On June 6, Virginia Gov. Robert McDonnell attended the official launch of the Virginia Connected Test Bed, a public-private partnership spearheaded by the Virginia Tech Transportation Institute. The initiative involves vehicles equipped with connected wireless technology that enables them to “talk” to each other via wireless sensors installed along the highway infrastructure.

The idea of allowing communication between cars, motorcycles, trucks, and wireless infrastructure along the roadway revolves around the goals of saving lives; preventing crashes, traffic congestion and bottlenecks; and improving the sustainability of roadways while reducing environmentally harmful exhaust and wasted gasoline caused by traffic congestion.   

Now in the early test stage, the $14 million project involves a total of 43 “connected” intersections in Merrifield, Va., near Fairfax, along the Interstate 66 corridor and state Highways 29 and 50. Wireless infrastructure devices were installed near the road to track and receive information from with test-cars equipped with their own installed wireless communication technology.

A second, smaller test-bed is located at the closed-course Smart Road in Blacksburg, Va., at the headquarters of the Virginia Tech Transportation Institute.

“This test bed will allow Virginia researchers to develop a range of applications that will result in faster infrastructure repair and maintenance, better emergency-response times and incident and congestion management,” McDonnell said at the event. 

The governor was joined by Virginia Commissioner of Transportation Gregory Whirley, and Catherine McGhee, associate director for safety, operations. and traffic engineering for the Virginia Center for Transportation Innovation and Research, the research division of the Virginia Department of Transportation. Other speakers were Virginia Tech Transportation Institute Director Thomas Dingus and David Friedman, the deputy administrator of the National Highway Traffic Safety Administration.

“Most importantly, this research seeks to save drivers in Virginia both time and money by offering technological solutions for a safer driving experience and improved travel times on those unavoidable workday commutes,” McDonnell added. “I applaud this creative partnership between two of our excellent universities and the public sector. It goes to show that by working together and harnessing emerging technology we can improve the lives of Virginians.”

The governor added that new technology, such as the wireless communication devices along the test-bed corridor, could do as much to help alleviate congestion as the building or widening of new highways. Whirley said the test-bed is comprised of “research that saves lives.”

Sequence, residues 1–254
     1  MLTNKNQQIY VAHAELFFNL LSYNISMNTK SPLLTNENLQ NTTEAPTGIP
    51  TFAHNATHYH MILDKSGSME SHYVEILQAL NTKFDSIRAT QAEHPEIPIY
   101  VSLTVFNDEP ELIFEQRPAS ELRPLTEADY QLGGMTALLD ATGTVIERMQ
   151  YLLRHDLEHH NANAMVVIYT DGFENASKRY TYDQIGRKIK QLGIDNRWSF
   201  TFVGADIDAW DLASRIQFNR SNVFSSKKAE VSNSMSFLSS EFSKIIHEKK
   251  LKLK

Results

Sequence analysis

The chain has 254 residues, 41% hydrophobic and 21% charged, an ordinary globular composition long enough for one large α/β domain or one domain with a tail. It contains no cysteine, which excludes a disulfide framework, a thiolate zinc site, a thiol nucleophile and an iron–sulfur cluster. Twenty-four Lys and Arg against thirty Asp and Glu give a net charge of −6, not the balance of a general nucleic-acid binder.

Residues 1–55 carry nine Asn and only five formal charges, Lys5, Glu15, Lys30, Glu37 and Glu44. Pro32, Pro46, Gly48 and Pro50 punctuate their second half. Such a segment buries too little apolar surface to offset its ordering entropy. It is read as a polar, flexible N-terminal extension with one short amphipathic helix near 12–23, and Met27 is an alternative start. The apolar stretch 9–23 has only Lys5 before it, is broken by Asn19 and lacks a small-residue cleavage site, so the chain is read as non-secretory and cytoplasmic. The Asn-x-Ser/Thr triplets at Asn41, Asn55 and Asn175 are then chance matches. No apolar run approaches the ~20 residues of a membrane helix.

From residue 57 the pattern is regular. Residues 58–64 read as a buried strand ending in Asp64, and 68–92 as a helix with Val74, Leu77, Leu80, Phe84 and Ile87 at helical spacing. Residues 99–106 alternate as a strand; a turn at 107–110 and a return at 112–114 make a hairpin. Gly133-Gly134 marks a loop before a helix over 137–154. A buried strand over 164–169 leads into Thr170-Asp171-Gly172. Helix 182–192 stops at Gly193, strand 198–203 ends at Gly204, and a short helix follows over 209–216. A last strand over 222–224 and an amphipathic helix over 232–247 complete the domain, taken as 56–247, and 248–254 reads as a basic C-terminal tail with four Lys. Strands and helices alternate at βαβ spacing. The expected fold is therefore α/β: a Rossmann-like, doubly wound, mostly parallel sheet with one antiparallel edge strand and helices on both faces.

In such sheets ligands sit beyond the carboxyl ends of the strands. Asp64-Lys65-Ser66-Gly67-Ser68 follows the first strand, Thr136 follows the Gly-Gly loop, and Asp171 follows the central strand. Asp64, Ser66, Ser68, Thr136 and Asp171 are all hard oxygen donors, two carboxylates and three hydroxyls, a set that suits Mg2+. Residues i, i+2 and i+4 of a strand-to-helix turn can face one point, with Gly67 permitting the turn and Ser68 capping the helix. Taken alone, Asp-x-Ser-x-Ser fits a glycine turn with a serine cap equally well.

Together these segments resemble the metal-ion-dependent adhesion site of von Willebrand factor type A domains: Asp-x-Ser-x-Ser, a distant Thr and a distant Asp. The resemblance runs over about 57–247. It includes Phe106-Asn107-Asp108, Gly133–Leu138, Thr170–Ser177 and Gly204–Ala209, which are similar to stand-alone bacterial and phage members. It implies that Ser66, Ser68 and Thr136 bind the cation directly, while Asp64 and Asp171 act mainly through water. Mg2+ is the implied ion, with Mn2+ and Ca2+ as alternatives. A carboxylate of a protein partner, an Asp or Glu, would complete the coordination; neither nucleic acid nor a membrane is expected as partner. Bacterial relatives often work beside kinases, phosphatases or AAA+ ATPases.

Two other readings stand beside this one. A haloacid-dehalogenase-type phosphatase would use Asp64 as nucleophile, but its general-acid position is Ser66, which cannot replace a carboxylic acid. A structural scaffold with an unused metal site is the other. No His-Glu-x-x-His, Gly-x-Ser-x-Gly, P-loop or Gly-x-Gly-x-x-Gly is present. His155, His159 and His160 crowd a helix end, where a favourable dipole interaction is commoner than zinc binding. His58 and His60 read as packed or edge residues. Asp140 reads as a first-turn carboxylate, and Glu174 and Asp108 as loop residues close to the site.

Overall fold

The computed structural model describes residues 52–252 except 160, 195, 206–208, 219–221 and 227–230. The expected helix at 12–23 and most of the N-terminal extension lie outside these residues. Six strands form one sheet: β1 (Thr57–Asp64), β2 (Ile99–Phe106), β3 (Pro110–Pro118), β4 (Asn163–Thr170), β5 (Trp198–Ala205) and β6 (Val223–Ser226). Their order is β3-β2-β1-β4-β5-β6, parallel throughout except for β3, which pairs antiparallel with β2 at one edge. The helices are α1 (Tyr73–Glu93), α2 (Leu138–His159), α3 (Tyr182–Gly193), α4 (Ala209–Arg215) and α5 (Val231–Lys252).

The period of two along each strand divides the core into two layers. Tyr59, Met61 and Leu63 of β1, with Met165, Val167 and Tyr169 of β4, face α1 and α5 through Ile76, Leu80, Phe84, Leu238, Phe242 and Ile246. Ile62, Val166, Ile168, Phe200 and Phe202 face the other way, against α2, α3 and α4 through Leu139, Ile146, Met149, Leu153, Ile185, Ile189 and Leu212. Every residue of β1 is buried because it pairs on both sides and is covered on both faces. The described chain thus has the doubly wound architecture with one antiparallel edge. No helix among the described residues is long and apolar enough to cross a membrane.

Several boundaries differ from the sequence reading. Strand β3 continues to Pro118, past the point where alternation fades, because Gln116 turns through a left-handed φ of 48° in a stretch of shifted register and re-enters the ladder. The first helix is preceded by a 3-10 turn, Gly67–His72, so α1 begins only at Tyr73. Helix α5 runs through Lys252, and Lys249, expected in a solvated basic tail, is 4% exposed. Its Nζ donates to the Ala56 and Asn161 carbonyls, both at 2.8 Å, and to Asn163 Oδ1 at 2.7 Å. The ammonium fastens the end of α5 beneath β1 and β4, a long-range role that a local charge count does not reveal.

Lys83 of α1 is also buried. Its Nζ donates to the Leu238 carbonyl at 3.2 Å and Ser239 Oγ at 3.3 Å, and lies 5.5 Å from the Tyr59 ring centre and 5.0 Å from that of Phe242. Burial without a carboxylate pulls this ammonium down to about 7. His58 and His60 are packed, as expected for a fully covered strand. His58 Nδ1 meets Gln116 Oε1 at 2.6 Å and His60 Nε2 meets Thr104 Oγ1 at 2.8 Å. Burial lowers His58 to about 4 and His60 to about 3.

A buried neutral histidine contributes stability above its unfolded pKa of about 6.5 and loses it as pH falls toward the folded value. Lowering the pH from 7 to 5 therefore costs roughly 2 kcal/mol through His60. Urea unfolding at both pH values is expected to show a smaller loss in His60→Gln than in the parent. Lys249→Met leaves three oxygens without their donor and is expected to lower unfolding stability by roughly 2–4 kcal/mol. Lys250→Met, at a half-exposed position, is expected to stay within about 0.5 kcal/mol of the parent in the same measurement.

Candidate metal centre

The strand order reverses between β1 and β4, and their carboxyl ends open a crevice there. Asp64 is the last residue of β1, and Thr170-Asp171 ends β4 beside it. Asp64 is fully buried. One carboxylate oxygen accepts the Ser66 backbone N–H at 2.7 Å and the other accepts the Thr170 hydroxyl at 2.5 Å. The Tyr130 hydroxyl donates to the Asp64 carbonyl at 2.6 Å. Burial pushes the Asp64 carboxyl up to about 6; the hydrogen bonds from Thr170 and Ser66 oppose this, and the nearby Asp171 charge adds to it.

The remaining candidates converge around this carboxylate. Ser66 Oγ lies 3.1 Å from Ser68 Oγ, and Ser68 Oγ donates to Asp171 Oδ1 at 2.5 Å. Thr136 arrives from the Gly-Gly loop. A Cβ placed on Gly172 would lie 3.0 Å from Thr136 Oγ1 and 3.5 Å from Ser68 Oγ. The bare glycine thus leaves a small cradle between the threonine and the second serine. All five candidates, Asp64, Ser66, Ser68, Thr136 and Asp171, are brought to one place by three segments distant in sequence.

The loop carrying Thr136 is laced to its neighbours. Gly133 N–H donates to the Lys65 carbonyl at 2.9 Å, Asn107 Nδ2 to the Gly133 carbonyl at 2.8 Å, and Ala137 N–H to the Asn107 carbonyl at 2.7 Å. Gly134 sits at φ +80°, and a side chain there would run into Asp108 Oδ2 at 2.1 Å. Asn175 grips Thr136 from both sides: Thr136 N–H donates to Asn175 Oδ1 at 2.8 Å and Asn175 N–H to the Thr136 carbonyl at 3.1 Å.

The test-bed project is operated by a public-private consortium known as the Connected Vehicle-Infrastructure University Transportation Center, or CVI-UTC. Dingus is director of the center as part of the work of the Virginia Tech-led initiative.  The partnership includes the University of Virginia’s Center for Transportation Studies, Morgan State University in Maryland, and the Virginia Center for Transportation Innovation.  

The overall project, including contribution underwriting for the development and installation of the test bed, is funded through a four-year, $6 million federal grant by the U.S. Department of Transportation; a $4 million cost share from the state Department of Transportation, and $2 million from the Virginia Tech institute, with additional funding coming from the other partners.

Dingus spoke of future impact of the research project, and how it can save lives in years to come.

“The goal is to test a device that will alert workers of accidental close interactions with vehicles. Another example is the development of a communication system designed to decrease the number of crashes with school buses,” Dingus said. “The system could be used to provide drivers traveling behind buses with in-vehicle notifications of a stopped bus.”

Dingus explained vehicles are alerted if they are at risk of a crash and critical roadside information is communicated directly for the driver to see on the dashboard. He said the technology can also communicate car and road information to the communications infrastructure so that alerts can be sent to other drivers.  For instance, detection of slick pavement or the presence of roadway debris could be gathered from one vehicle, sent to the roadside detector, and then quickly disseminated to other vehicles on the system.  

The outdoor ribbon-cutting event for the test bed took place at the McConnell Public Safety and Transportation Operations Center in Fairfax, a county/state communications center that houses 911 and 511 call centers, among other agencies and groups.

The previous day, June 5, institute researchers demonstrated the test bed to more than 100 guests, many from the transportation industry and related government agencies. Participants rode inside a bus along I-66 and saw alerts on large screens ping when their vehicle drew close to another test vehicle, and also witnessed warning displays of demonstrated near-collisions at the McConnell parking lot in Fairfax.

The Virginia Connected Vehicle Test Bed includes a total of 43 intersections in and around Merrifield, Va., that are equipped with wireless infrastructure units.

The consortium uses two mobile wireless units to collect data beyond the current scope of the stationary intersections.

Twelve research vehicles collect information such as acceleration, braking, curve handling, and emissions, and four of these 12 are the only connected motorcycle fleet in existence.

The connected vehicle test fleet also includes two large vehicles: a bus and a semi-truck to test public transportation and freight applications.

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